Art Theft: The The Majority Of Intriguing and Famous Cases in History



Art theft is an complex and ancient crime. When you take a look at the some of the most famous cases of art thefts in history, you see completely planned operations that involve art dealers, art fakers, mobsters, ransoms, and countless dollars. Here you can check out about some of the most famous cases of art theft in the history.

The First Theft:
The first recorded case of art theft remained in 1473, when two panels of altarpiece of the Last Judgment by the Dutch painter Hans Memling were taken. While the triptych was being transported by ship from the Netherlands to Florence, the ship was attacked by pirates who took it to the Gdansk cathedral in Poland. Nowadays, the piece is shown at the National Museum in Gdansk where it was just recently moved from the Basilica of the Assumption.

The A Lot Of Famous Theft:
The most well-known story of art theft includes one of the most popular paintings on the planet and one of the most popular artists in history as a suspect. In the night of August 21, 1911, the Mona Lisa was stolen out of the Louver. Quickly after, Pablo Picasso was detained and questioned by the police, however was released rapidly.

It took about 2 years till the mystery was fixed by the Parisian authorities. It ended up that the 30 × 21 inch painting was taken by one of the museum workers by the name of Vincenzo Peruggia, who merely carried it concealed under his coat. Nonetheless, Peruggia did not work alone. The crime was thoroughly carried out by a well-known con male, Eduardo de Valfierno, who was sent out by an art faker who meant to make copies and sell them as if they were the initial painting.

While Yves Chaudron, the art faker, was busy developing copies for the popular work of art, Mona Lisa was still hidden at Peruggias apartment. After two years in which Peruggia did not speak with Chaudron, he attempted to make the finest out of his taken great. Ultimately, Peruggia was captured by the cops while aiming to offer the painting to an art dealership from Florence, Italy. The Mona Lisa was returned to the Louver in 1913.

The Greatest Theft in the USA:
The greatest art theft in United States occurred at the Isabella Stewart Gardner Museum. On the https://foursquare.com/v/kurt-criter/59ae10555161136b77113e4f night of March 18, 1990, a group of burglars wearing authorities uniforms burglarized the museum and took thirteen paintings whose cumulative worth was approximated at around 300 million dollars. The thieves took two paintings and one print by Rembrandt, and works of Vermeer, Manet, Degas, Govaert Flinck, as well as a French and a Chinese artifact.

Since yet, none of the paintings have been found and the case is still unsolved. Inning accordance with recent reports, the FBI are examining the possibility that the Boston Mob along with French art dealers are linked to the criminal activity.

The Scream:
The painting by Edvard Munchs, The Scream, is most likely the most sought after painting by art burglars in history. It has been taken two times and was only recently recuperated. In 1994, throughout the Winter Season Olympics in Lillehammer, Norway, The Scream was taken from an Oslo gallery by 2 thieves who broke through an open window, triggered the alarm and left a note stating: thanks for the poor security.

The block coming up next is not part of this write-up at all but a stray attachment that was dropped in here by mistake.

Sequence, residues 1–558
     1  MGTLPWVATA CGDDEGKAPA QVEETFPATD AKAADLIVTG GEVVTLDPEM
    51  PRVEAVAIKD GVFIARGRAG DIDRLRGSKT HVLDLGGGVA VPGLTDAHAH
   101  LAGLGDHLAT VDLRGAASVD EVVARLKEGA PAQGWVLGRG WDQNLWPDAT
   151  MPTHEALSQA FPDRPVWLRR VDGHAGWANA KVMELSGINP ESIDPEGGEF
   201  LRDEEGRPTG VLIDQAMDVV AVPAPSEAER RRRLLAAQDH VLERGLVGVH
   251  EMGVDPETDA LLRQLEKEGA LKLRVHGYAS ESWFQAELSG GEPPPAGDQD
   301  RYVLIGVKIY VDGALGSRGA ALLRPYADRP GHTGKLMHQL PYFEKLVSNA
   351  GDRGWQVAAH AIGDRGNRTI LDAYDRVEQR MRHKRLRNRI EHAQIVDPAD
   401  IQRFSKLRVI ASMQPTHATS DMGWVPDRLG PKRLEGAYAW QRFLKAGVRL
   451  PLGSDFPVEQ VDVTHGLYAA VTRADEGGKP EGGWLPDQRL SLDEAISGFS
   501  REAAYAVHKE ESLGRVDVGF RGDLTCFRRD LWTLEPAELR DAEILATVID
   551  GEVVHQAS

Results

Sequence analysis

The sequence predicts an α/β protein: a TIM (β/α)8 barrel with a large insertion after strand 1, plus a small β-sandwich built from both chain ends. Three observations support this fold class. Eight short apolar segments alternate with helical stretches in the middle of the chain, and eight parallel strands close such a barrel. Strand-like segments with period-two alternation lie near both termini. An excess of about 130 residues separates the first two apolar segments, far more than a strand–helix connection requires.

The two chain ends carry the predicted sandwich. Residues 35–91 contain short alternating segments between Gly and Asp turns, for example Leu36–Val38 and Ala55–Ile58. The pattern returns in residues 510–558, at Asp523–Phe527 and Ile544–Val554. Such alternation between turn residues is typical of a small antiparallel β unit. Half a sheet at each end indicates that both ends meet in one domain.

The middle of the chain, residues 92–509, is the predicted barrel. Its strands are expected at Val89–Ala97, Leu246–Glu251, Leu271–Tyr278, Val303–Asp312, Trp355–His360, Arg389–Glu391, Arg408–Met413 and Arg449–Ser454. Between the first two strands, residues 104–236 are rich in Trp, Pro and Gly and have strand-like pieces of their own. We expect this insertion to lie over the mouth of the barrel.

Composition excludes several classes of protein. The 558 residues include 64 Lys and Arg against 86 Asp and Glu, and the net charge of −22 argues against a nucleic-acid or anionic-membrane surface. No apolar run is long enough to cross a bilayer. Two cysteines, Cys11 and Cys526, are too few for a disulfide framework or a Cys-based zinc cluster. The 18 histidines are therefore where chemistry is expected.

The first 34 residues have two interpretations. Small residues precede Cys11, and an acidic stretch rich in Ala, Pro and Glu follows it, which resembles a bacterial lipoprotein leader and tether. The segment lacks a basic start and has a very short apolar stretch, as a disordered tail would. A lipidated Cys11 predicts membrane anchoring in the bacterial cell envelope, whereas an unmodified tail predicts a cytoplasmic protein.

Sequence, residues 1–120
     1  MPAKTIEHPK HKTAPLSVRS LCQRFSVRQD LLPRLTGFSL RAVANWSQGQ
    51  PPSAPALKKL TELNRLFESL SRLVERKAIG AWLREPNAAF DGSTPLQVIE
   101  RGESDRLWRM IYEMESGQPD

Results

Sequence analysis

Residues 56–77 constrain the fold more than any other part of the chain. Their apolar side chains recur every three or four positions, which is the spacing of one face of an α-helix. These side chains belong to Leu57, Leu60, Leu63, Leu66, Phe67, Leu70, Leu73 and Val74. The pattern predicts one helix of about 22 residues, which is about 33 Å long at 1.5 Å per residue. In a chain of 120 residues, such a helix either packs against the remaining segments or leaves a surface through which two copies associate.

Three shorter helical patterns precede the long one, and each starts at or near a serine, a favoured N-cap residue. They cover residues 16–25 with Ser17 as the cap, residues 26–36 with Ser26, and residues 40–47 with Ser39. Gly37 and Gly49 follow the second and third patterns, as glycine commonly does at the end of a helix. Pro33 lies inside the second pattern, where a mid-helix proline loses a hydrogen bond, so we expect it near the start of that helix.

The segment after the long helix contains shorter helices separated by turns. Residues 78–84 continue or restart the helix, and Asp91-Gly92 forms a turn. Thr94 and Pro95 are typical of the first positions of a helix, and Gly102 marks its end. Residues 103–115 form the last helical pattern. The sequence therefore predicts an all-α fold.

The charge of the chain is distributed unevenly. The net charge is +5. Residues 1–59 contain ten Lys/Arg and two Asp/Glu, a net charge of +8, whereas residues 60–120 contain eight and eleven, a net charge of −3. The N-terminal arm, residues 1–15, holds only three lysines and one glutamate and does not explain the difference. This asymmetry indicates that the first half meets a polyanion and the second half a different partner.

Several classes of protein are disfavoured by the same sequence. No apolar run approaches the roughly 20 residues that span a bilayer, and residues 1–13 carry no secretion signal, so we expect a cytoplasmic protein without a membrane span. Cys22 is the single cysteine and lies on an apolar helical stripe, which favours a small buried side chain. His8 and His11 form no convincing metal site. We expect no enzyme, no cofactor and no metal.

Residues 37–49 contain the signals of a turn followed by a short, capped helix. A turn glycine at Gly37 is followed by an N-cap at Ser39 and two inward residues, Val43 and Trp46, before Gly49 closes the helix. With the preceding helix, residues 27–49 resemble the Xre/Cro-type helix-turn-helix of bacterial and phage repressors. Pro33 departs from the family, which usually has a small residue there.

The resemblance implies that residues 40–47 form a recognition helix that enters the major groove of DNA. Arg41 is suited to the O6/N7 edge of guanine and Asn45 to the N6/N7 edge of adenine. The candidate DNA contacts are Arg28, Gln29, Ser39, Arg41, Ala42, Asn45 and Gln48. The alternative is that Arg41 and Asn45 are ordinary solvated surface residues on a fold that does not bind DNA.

Three months later, the holders of the painting approached the Norwegian Government with an deal: 1 million dollars ransom for Edvard Munchs The Scream. The Federal government refused the offer, but the Norwegian cops collaborated with the British Cops and the Getty Museum to organize a sting operation that revived the painting to where it belongs.

10 years later on, The Scream was taken once again from https://medium.com/@kurtcriter the Munch Museum. This time, the burglars utilized a weapon and took another of Munchs painting with them. While Museum authorities awaiting the burglars to demand ransom cash, rumors declared that both paintings were burned to hide evidence. Ultimately, the Norwegian cops found the 2 paintings on August 31, 2006 but the facts on how they were recovered are unknowned yet.


When you look at the some of the most well-known cases of art thefts in history, you see thoroughly prepared operations that involve art dealerships, art fakers, mobsters, ransoms, and millions of dollars. The most well-known story of art theft includes one of the most popular paintings in the world and one of the most popular artists in history as a suspect. The crime was carefully performed by a well-known con male, Eduardo de Valfierno, who was sent out by an art faker who intended to make copies and sell them as if they were the initial painting.

Eventually, Peruggia was captured by the cops while trying to offer the painting to an art dealership from Florence, Italy. The painting by Edvard Munchs, The Scream, is probably the most sought after painting by art thieves in history.

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